Back to the future: landlords to enjoy greatest freedoms since 1945
The last five years has seen the end of a love-in between central government and housing associations. The government likes local authorities again — or at least hates them less. There is little money for associations to build more homes, and those councils with retained housing stock — even while they struggle with the cuts they are having to make — are starting to see that they might once again build new homes on a significant scale.
The two most visible changes to the housing sector are the rapid growth of private rented property and the idea that the total subsidy to anyone in the shape of benefits should be capped. The view that housing is a commodity that the state should provide – and that the state should ration, control and allocate it – has lost nearly all of its intellectual coherence.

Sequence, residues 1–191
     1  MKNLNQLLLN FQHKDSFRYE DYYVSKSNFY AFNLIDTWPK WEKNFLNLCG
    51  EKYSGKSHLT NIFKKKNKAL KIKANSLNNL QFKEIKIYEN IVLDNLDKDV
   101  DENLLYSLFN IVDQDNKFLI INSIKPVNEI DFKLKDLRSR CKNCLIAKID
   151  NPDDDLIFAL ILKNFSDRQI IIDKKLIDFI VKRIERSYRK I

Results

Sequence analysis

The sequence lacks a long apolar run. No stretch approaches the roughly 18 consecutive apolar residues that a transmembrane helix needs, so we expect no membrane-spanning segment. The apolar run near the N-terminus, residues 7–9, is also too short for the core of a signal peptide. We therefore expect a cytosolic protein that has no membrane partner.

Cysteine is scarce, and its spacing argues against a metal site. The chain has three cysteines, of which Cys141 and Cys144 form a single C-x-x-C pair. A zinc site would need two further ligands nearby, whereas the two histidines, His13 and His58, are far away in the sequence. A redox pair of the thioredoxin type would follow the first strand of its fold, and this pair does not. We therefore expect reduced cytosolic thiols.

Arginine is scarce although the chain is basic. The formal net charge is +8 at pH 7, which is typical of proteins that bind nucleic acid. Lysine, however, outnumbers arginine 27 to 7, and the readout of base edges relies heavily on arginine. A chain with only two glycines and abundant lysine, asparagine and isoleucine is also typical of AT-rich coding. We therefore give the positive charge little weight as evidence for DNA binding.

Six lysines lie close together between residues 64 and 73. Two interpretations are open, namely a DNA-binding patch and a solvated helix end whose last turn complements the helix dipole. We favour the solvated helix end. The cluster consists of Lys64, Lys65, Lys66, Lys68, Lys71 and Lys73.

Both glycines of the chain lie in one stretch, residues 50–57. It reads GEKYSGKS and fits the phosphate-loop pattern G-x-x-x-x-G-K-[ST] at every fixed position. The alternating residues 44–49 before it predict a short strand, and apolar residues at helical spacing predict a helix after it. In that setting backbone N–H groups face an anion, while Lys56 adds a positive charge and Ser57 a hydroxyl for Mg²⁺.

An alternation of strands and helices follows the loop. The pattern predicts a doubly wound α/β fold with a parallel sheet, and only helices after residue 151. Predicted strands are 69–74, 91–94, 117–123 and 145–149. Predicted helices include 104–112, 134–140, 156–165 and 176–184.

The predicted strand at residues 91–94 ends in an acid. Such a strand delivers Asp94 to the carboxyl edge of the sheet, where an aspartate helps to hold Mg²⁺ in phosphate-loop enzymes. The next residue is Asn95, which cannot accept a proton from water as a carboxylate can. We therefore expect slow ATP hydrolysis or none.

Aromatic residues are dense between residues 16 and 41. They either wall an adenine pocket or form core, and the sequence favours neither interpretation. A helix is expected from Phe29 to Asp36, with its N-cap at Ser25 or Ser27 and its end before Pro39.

After the second world war, building new homes was a government priority. The private sector was not nationalised but rents were controlled and then regulated at a level that made it uneconomic for responsible landlords to hold on to their stock. Many investors pulled out of the sector, and the number of owner occupiers rose…
If you are registered and logged in to the site, click on the link below to read the rest of the Winckworth Sherwood briefing. If not, please register or sign in with your details below.
News from Winckworth Sherwood
News from The Lawyer
Briefings from Winckworth Sherwood
James Lynas, a partner at Winckworth Sherwood specialising in education employment law, highlights easily avoidable human resources errors that can cost schools dear.
Name or shame: complying with the name and charitable status provisions of the Co-operative and Community Benefit Societies Act 2014
This note focuses on two key provisions of the Act which deal with the requirement to display the name and charitable status of registered societies.